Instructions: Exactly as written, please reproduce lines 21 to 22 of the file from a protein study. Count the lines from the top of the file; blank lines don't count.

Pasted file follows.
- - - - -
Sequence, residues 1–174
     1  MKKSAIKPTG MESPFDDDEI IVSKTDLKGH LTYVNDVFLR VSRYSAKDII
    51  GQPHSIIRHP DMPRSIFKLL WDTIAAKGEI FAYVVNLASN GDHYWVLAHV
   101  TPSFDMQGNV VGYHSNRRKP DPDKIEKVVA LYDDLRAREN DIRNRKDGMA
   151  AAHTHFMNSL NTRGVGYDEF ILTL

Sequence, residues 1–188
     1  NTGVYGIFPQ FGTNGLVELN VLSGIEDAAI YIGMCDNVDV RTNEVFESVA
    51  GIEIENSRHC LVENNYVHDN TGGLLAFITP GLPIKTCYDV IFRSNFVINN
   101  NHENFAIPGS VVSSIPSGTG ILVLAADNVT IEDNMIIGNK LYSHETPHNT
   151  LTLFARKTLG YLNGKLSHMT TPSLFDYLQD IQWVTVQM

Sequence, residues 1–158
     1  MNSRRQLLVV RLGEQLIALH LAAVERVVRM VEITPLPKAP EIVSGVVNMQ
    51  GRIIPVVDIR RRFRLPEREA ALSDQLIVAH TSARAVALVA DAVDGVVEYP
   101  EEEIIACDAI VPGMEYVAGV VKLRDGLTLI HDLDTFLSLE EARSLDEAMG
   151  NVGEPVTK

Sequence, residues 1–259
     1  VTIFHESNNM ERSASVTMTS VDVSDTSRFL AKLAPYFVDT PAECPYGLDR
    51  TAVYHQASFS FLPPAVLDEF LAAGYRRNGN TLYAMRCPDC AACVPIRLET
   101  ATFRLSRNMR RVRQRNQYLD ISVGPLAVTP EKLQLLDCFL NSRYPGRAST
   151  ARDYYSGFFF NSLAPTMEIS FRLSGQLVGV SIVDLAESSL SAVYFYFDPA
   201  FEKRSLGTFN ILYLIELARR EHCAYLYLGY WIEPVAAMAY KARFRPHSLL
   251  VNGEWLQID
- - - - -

   201  FEKRSLGTFN ILYLIELARR EHCAYLYLGY WIEPVAAMAY KARFRPHSLL
   251  VNGEWLQID